Bob Ferguson

Bob Ferguson of Richland has donated $500,000 as an initial step to develop an energy institute at Washington State University Tri-Cities.

RICHLAND — Washington State University Tri-Cities is on its way to having an energy institute to analyze the best ways for clean energy production to grow in the area and to educate workers for the industry.

“We need to develop an infrastructure of new kinds of energy jobs in the Tri-Cities,” said Bob Ferguson, a long-time leader in economic development in the Tri-Cities and a national nuclear authority.

He has donated $500,000 for the project.

It will pay for WSU Tri-Cities’ first endowed faculty position in energy and environment, the first step in creating the institute.

The donation will be used as leverage for a plan to raise $2 million in additional funding to create an energy research hub on the Richland campus.

“The professorship and institute will focus on partnerships for research in the energy industry, fostering community discussions and relationships for policy development at the state and national levels,” said Sandra Haynes, WSU Tri-Cities chancellor.

Ferguson says that he’d like to see a graduate degree offered for students studying the complex economic, political, technical and social issues of global climate change.

The Tri-Cities already is an energy hub with 40% of Washington state’s power produced within a 100-mile radius of the Tri-Cities. It includes nuclear, wind, solar and hydro production.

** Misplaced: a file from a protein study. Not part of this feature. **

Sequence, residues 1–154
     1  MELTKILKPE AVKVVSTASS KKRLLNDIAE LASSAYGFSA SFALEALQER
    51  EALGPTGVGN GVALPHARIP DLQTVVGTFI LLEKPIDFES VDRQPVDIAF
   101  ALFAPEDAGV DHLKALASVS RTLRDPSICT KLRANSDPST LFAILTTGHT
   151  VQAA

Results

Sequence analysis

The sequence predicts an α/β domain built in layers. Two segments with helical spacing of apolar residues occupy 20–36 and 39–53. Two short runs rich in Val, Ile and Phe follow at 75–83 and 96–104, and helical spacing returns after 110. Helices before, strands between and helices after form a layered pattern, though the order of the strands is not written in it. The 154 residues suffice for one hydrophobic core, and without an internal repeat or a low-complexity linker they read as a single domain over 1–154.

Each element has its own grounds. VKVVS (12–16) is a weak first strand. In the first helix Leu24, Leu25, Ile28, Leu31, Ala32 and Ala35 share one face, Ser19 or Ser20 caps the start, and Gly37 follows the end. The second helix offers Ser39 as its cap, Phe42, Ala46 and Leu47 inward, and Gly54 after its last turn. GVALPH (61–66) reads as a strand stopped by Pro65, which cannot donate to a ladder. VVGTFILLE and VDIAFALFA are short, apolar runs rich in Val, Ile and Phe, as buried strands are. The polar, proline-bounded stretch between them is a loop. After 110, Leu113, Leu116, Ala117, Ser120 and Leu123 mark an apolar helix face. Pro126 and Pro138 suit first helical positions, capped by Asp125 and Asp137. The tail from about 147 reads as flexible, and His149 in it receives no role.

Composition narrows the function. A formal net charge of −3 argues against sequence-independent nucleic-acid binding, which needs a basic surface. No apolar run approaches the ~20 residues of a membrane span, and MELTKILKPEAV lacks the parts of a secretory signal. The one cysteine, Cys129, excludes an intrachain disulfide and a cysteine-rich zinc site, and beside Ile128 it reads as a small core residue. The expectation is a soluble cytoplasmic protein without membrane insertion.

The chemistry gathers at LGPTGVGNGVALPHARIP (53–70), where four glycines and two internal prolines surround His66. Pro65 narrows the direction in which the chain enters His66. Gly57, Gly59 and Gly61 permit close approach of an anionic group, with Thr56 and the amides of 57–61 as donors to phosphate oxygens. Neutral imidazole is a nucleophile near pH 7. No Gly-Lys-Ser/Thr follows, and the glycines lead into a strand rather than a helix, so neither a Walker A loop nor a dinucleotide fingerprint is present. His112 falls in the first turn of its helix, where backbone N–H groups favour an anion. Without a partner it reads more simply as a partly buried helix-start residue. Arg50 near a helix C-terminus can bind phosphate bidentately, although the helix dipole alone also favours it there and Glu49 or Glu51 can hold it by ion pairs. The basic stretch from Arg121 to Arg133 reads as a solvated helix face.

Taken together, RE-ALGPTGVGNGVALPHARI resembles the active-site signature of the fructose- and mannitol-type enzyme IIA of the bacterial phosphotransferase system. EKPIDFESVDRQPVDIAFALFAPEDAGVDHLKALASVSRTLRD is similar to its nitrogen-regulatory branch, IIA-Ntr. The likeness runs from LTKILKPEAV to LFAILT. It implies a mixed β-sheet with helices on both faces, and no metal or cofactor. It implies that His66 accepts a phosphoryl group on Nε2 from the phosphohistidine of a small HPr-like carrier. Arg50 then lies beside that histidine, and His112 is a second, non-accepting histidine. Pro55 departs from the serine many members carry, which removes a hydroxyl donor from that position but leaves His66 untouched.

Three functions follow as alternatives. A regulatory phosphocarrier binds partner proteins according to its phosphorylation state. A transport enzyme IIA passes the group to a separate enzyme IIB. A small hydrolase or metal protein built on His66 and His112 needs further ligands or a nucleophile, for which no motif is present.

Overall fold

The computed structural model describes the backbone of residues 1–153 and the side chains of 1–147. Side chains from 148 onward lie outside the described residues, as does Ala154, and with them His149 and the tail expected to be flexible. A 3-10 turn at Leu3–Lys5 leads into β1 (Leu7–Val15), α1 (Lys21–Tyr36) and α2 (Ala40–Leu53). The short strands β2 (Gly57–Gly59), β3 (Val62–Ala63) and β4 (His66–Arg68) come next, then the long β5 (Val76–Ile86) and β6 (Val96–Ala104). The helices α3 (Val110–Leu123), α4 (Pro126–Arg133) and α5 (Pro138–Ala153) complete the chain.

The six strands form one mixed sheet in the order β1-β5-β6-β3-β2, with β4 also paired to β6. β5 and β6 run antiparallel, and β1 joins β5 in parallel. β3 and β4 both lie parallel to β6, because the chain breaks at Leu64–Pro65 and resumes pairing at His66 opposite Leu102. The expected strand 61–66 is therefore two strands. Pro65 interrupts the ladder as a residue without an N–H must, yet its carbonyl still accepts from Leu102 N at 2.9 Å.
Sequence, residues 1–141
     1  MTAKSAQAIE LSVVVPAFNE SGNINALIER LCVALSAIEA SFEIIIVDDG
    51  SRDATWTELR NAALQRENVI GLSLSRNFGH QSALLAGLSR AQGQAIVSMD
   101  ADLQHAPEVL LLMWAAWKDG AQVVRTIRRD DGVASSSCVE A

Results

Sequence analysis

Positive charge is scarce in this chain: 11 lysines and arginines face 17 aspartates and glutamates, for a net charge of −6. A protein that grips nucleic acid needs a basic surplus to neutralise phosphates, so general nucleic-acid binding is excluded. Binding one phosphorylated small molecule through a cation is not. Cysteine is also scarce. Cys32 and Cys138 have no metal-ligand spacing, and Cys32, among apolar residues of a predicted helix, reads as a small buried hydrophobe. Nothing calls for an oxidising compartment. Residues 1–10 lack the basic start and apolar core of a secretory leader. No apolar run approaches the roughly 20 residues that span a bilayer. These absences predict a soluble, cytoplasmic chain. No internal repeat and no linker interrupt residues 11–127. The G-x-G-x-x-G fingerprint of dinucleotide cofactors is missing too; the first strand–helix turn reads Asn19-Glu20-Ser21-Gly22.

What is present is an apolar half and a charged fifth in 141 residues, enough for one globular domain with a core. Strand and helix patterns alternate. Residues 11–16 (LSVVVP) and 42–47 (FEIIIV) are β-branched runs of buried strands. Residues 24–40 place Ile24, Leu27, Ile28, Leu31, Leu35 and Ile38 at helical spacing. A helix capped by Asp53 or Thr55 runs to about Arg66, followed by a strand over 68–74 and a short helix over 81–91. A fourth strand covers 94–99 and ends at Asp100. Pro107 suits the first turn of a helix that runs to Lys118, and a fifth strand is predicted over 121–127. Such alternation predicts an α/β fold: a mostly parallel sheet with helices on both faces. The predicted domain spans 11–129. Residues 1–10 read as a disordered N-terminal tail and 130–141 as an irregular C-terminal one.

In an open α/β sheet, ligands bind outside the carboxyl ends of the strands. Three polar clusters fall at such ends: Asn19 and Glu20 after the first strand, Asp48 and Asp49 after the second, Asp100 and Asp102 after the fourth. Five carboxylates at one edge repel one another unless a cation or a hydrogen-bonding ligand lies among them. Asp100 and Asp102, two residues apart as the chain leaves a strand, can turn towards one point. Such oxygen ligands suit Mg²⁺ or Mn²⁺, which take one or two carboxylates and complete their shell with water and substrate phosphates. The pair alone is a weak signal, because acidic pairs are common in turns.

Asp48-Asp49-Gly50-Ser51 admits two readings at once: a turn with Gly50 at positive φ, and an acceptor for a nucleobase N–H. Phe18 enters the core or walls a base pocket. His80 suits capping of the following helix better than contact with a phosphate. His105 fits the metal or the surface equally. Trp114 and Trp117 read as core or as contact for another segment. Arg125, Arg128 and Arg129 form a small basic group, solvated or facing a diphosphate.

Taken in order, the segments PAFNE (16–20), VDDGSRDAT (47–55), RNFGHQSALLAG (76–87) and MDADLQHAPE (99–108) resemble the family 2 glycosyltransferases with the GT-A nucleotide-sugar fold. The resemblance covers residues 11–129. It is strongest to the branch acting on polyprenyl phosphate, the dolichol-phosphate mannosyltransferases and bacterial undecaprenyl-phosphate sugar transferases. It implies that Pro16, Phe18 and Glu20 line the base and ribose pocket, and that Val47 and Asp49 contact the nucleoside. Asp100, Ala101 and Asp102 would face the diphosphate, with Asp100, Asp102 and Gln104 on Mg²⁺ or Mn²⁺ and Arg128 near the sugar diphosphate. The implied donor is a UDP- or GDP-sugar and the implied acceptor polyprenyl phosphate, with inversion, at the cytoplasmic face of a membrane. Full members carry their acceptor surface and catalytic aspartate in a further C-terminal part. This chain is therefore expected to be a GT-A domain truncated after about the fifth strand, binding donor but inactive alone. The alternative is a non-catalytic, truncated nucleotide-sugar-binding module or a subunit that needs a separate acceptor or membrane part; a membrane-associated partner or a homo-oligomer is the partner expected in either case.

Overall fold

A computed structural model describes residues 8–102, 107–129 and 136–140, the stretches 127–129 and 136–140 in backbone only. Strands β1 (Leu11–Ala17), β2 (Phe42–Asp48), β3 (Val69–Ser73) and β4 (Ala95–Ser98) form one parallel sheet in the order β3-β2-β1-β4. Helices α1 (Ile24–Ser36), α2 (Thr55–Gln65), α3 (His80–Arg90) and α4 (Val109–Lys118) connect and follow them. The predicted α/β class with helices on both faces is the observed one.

And power production is set to grow.

What could be the nation’s first commercial advanced nuclear power reactor would be built and operated near Richland.

X-energy, of Rockville, Md., is working with Energy Northwest of Richland and Grant County PUD to develop, build and operate an 80-megawatt nuclear power reactor on leased land at the Hanford nuclear reservation.

South of the Tri-Cities, Scout Clean Energy has applied for a Washington state permit to develop a wind farm stretching 24 miles along the Horse Heaven Hills .

The institute would analyze available and proposed energy resources to help the region plan and develop those that are needed and would be best for carbon-free energy, Ferguson said.

Had such an institute been in place in the 1980s, plans would not have been made by the Washington Public Power Supply System to build five nuclear reactors at once, said Ferguson, who served for a time as WPPSS chief executive.

Just one of the reactors, the Columbia Generating Station near Richland, was completed.

He believes that if the institute were in place today it would show that the proposed Horse Heaven Wind Farm would provide power that is surplus to the area.

Ferguson’s career in nuclear energy began as a reactor physicist and operations supervisor at the Hanford site’s B Reactor. He was deputy assistant secretary of nuclear programs for the Department of Energy, before taking the position with WPPSS, now Energy Northwest.

He has founded and developed Tri-Cities area companies focused on nuclear waste management, environmental consulting and nuclear safety training.

He and two other Tri-Cities business leaders successfully sued the federal government in 2010, forcing it to resume the licensing review of Yucca Mountain, Nev., for disposal of the nation’s high level radioactive weapons waste and used commercial nuclear fuel.

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